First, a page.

. been found that groundwater depletion contributes to

Fossil aquifers can also be used to irrigate, but because they are extremely
old, they cannot be recharged, this means that there is only a limited amount
of it. This overuse of groundwater is disastrous for earth’s climate since
groundwater depletion leads to a disturbance in the amount of water that flows
into lakes and wetlands. The more the water flowing from underground to the
surface decreases, the more lakes and wetlands dry up. The pumping of
groundwater causes the destruction of lake’s biodiversity. This decrease in
vegetation means there is a disturbance in the carbon cycle since less C02
is absorbed, as well as a disturbance in many other mechanisms. In other words,
“The overall effect is a loss of riparian vegetation and wildlife habitat.”
(USGS, 2016). Also, by pumping and irrigating, human activity contributes to
the increase in soil moisture. Many different things can happen to water present
in the ground. It can be used by vegetation, it can travel down to oceans and
lakes, it can travel down to aquifers or it can evaporate. By irrigating,
farming industries soak its soil with water, more than there would normally be.
Because of this, evapotranspiration increases drastically, creates more clouds
and increase precipitations. Evapotranspiration is increased by 4% in the
United States due to irrigation and can increase precipitations up to 30% (Taylor,
2012). Finally, groundwater depletion has been found to be connected with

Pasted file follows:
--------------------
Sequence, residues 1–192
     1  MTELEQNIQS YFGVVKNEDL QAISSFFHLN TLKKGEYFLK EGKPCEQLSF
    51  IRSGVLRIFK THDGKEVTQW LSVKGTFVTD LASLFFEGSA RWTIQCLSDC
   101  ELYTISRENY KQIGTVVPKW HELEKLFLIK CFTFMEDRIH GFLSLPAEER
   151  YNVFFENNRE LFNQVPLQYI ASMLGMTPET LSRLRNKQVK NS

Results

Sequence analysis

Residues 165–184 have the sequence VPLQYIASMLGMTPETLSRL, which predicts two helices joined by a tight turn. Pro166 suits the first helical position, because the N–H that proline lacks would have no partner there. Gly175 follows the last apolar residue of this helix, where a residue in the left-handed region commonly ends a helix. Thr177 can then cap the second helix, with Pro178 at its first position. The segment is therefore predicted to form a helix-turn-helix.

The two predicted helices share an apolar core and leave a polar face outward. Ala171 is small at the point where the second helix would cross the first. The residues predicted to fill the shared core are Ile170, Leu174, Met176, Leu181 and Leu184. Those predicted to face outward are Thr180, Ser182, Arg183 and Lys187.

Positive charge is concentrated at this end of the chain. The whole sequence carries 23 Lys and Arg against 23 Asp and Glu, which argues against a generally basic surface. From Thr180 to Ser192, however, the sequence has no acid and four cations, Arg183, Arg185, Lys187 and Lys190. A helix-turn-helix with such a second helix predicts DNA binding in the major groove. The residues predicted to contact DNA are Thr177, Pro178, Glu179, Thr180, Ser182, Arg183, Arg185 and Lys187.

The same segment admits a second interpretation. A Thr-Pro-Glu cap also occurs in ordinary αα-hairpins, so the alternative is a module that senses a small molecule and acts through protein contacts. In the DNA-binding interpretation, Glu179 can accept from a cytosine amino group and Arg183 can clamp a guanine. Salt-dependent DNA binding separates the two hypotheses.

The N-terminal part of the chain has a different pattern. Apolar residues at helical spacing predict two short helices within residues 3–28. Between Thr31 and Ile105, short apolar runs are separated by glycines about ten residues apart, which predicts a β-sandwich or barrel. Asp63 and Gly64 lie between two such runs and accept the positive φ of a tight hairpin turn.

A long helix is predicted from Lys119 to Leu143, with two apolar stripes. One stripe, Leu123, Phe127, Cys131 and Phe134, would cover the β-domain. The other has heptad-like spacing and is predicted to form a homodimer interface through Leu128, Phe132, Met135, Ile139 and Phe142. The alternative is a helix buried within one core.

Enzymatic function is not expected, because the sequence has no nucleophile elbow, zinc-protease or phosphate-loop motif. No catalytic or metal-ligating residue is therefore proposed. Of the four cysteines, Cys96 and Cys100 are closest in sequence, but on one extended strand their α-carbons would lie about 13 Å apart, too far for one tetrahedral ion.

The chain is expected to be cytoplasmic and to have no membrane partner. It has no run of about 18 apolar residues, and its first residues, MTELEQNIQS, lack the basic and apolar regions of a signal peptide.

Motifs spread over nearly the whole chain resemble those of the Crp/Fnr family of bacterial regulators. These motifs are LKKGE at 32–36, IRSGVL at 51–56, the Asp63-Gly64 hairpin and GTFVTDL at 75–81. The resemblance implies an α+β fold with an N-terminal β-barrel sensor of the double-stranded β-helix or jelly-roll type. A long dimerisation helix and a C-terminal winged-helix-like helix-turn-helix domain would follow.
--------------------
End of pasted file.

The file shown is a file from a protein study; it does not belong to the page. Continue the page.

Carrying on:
rising sea levels, this is due to the fact that when underground water is
extracted from the aquifers, it extremely likely that this extracted water
finishes in the oceans. The current sea level rise is about 3.3mm every year,
it has been found that groundwater depletion contributes to almost one fourth
of this rise, it causes the oceans to grow about 0.8mm every year (Wada, 2010).
Groundwater depletion is therefore believed to be a leading cause of rising sea
levels, as well as the expansion of water due to its temperature and the
melting of glaciers.

            Secondly, forested areas have always
played an important role in making the earth’s climate vary, it is often said
that trees are earth’s lungs. The extremely diverse biodiversity of the amazon
jungle for example plays a key role in many different biological and ecological
processes. Trees and vegetation “inhale” CO2 and exhales oxygen as
well as water vapor. This process is what has been regulating the amount of
gasses that are present in the atmosphere. Now that humans cut down entire
forests to retrieve wood, this process is disturbed and the balance between
those gasses is disturbed too. Photosynthesis is therefore a vital process, not
only for the earth, but also for humans. When trees are cut, not only does this
process of photosynthesis stop, therefore less and less carbon dioxide is
transformed, but the CO2 stored inside the trees is liberated into
the air. In other words, by cutting forests, earth’s ability to produce oxygen
is reduced as well as creating even more CO2. It is estimated that
deforestation contributes more to carbon dioxide emissions than cars and
trucks, 15% against 14% respectively (Scheer, 2012). This is also worsened by
the fact that deforested areas are often used for agriculture or for raising
cattle, which is extremely polluting. When it is necessary, certain parts of
forests are burned, usually to liberate space for human activity. This burning
of vegetation is extremely harmful to the atmosphere, even though natural
forest fires happen, most of them are induced by humans. Fire releases CO2
as well as liberating what was stored during decades in trees. Deforestation
also disturbs the water cycle, when plants absorb carbon dioxide, they not only
exhale oxygen but they also release water vapor, this process is called

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